Circadian Rhythms, Epigenetics and Disease
Epigenetics is the study of heritable changes in gene expression (active versus inactive genes) that do not involve changes to the underlying DNA sequence — a change in phenotype without a change in genotype — which in turn affects how cells read the genes.
Little is known about DNA in circadian regulation in humans, but one study showed that homocysteine level was linked to DNA methylation. Moreover, epigenetic inactivation of clock genes due to promoter DNA methylation has been reported in various cancer cells, suggesting that it also plays a key role in linking the clock to cancer.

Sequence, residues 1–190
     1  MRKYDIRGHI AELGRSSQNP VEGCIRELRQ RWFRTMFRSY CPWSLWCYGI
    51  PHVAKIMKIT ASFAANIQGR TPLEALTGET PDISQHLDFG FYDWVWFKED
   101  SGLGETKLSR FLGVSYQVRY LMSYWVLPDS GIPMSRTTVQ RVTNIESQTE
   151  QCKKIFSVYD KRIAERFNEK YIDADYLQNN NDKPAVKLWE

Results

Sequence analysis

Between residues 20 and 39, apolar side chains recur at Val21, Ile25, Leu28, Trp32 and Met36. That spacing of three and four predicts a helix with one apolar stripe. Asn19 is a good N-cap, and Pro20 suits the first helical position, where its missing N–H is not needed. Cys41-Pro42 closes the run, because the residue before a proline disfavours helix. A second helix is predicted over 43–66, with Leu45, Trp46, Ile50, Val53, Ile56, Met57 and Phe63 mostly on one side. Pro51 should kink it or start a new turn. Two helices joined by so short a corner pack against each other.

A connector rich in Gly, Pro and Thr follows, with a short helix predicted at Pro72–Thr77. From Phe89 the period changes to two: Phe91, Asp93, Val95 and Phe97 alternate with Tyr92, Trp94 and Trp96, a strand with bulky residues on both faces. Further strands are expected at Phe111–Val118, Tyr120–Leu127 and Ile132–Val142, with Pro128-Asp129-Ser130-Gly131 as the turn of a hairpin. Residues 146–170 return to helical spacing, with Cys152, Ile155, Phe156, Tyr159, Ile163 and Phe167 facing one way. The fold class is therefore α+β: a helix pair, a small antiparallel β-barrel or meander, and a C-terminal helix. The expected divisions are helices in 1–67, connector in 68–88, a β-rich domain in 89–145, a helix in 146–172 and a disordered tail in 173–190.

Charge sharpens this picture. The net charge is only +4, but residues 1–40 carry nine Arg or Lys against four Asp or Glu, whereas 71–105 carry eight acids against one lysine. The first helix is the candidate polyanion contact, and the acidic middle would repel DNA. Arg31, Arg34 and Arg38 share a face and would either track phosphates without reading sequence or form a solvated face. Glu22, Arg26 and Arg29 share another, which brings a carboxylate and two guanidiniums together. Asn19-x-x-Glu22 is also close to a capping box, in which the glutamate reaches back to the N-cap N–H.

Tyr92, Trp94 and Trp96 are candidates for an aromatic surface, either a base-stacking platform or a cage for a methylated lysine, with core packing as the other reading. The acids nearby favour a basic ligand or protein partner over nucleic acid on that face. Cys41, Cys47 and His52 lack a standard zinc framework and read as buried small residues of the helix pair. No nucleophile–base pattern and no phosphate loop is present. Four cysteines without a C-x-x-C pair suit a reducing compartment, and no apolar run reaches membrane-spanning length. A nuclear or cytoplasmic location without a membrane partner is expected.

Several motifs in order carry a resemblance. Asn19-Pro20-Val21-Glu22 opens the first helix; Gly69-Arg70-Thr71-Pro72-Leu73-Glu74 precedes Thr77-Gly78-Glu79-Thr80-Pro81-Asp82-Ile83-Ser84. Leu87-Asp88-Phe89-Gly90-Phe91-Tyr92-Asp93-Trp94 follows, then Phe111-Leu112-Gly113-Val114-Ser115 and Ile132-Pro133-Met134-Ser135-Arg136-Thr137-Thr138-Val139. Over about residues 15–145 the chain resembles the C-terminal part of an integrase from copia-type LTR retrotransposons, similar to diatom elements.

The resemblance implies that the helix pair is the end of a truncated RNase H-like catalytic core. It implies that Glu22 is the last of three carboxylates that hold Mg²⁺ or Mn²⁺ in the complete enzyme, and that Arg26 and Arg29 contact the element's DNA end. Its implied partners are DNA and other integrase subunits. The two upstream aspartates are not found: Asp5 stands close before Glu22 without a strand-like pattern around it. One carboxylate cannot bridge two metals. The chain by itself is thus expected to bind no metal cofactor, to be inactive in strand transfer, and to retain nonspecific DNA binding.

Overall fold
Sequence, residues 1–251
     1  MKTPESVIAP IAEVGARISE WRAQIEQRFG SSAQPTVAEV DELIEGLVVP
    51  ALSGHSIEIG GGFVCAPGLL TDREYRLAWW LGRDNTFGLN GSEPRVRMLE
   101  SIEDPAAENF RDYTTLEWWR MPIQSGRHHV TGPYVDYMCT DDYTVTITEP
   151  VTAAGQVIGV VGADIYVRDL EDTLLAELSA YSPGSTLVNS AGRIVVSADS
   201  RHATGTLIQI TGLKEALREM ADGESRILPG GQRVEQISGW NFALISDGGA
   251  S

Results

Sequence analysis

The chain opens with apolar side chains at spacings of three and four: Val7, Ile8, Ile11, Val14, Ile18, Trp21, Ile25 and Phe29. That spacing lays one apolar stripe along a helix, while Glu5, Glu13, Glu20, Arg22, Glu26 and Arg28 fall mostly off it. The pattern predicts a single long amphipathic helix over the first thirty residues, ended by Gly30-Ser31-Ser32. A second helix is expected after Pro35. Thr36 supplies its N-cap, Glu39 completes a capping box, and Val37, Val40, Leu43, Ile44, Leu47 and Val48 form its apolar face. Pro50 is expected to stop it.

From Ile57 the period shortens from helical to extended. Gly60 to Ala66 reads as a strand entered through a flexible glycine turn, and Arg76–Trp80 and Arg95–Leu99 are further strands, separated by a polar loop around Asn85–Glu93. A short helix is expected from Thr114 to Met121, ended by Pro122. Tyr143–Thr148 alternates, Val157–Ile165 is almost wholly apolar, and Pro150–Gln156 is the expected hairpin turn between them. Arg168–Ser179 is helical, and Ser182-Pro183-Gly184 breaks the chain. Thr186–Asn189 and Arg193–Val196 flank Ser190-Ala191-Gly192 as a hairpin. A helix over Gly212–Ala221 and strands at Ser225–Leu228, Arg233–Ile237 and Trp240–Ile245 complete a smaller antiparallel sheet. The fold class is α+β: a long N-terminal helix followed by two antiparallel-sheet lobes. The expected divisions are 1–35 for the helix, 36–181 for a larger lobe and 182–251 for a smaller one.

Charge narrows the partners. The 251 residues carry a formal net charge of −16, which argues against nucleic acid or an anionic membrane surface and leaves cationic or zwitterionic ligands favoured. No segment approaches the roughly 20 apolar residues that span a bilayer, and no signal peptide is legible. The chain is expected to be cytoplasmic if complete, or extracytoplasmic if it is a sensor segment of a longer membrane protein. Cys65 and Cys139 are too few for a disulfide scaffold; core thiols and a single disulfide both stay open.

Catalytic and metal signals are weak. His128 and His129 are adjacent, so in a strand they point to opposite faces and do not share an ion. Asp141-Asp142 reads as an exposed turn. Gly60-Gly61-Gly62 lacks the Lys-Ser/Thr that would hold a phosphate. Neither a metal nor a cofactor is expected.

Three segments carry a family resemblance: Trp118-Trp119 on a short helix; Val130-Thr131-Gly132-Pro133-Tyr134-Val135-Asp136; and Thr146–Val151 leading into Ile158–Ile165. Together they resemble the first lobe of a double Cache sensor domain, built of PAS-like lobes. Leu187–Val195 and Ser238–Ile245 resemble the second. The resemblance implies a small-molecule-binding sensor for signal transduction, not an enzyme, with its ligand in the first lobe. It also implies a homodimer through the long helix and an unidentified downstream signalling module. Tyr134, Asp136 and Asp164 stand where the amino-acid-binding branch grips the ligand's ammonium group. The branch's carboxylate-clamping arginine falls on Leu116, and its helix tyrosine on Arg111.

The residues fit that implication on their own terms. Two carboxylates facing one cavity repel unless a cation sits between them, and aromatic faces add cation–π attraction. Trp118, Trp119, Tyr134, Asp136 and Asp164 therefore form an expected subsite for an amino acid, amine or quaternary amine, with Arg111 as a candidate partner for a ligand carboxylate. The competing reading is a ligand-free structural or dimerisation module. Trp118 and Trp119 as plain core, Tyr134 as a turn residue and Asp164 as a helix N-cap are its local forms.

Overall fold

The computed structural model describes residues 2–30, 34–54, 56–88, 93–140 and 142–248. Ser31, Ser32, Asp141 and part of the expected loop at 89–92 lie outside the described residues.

MicroRNAs (miRNAs), probably the most intensively studied class of non-coding RNAs (ncRNAs) so far, may contribute to the regulation of circadian rhythms and have strong potential in circadian clock regulation too.
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